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What is the Medicare levy and what will you pay?

Written by

Shaun McGowan

“In this world nothing can be said to be certain, except death and taxes.” Benjamin Franklin said that in 1789. Nothing much has changed, has it?

If you live, work and earn money in Australia you may be liable for the income tax Medicare levy. Do you know what it is, what it does and why you are paying it?

Maybe you don’t, because it’s just another item on your payslip, taken care of by your employer.

If so, you’re reading the right article.

What is the Medicare levy?

In a nutshell, it’s a tax based on how much you earn. Back in 1984 it was one per cent of taxable income for everyone, except those on a very low income. It now sits at two per cent of your taxable income.

Medicare, originally known as Medibank, was introduced by Gough Whitlam in 1974. It was then changed substantially by Malcom Fraser in 1976, and taken back to its roots in 1984 by Bob Hawke. There’s been little change by any government since then.

The Medicare levy partially funds Australia's national health insurance scheme. Technically, as a tax payer, you’re paying for the lot – but let’s not get distracted by that.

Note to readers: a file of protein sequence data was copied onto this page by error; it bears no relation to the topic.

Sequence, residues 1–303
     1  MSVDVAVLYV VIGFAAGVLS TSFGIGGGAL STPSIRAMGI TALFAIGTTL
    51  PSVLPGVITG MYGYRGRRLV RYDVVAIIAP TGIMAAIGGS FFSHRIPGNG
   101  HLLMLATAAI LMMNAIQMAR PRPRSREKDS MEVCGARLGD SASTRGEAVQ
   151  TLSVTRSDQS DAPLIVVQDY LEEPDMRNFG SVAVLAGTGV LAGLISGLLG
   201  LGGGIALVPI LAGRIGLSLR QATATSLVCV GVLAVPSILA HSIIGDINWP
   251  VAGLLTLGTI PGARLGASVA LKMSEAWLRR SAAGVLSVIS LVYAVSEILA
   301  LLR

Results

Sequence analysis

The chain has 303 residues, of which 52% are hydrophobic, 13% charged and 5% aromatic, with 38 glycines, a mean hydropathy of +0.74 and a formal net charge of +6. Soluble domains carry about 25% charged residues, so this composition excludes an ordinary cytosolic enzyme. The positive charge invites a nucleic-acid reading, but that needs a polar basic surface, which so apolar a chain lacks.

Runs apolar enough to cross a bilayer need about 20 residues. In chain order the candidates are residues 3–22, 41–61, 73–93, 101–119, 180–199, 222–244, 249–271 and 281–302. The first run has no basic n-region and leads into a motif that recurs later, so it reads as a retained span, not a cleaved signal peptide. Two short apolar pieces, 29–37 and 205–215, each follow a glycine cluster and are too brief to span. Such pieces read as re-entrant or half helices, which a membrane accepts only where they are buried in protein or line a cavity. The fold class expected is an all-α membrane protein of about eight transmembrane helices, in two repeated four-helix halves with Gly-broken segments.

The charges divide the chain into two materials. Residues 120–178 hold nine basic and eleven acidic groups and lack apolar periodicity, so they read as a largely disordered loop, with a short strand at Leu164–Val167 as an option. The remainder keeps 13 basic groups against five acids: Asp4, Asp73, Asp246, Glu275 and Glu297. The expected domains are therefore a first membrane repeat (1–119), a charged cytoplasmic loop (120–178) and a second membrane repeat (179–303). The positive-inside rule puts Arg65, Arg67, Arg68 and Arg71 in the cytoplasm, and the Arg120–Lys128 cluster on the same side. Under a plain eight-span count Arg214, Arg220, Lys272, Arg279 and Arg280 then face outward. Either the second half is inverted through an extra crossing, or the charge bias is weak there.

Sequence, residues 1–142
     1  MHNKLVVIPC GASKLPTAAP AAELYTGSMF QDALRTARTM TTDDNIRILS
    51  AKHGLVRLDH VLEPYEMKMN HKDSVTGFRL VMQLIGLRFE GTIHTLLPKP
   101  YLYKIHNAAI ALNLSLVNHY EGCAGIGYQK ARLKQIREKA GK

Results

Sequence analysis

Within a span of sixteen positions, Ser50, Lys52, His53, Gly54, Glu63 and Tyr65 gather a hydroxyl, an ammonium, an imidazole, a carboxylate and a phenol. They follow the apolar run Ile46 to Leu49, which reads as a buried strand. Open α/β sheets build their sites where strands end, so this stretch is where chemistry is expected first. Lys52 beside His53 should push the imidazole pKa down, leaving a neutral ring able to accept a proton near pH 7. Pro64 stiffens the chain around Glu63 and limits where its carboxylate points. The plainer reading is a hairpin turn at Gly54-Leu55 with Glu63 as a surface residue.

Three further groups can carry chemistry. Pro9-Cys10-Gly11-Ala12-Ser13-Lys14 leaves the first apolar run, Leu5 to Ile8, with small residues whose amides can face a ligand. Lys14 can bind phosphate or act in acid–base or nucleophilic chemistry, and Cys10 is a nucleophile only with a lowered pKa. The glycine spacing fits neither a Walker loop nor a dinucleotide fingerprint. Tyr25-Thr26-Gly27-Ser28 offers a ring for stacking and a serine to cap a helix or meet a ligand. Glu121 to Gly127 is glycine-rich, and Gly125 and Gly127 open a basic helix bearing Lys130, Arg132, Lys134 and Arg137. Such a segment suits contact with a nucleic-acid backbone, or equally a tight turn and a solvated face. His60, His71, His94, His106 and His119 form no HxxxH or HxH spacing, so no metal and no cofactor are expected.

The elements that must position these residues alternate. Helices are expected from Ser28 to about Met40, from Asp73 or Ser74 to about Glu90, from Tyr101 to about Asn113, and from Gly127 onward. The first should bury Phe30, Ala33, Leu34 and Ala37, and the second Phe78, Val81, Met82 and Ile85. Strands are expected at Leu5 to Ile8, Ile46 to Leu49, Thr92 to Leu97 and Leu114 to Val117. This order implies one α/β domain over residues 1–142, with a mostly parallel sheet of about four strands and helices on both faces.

It’s interesting that over the years, the levy has been increased and used to pay for other items of government spending – such as John Howard’s gun buy-back scheme. But most of the cash it brings in is still used fund health related issues.

How is the Medicare levy calculated, you may ask?

It’s quite straight forward, actually. Your taxable income calculated in your annual tax return will determine how much Medicare levy you pay.

If you earn more than $27,068 per year if you’re single, or $45,676 plus $4,195 for each of your dependent children if you’re part of a family, you will pay an extra two per cent tax to cover Medicare.

So, if you earn $50,000 per year, you’ll pay $1,000 of your taxable income.

Who is exempt from the Medicare levy? There are a few exceptions to the rule. Are you one of them?

The answer is ‘yes’ if you:

  • Are a foreign resident
  • Are a Norfolk Island resident
  • Aren’t entitled to Medicare benefits
  • Earn less than $21,335 per year (or $33,738 for seniors and pensioners).

Others who earn less than $26,668 per year (or $42,172 for seniors and pensioners) only pay part of the Medicare Levy.

Private treatments are covered under Medical Loans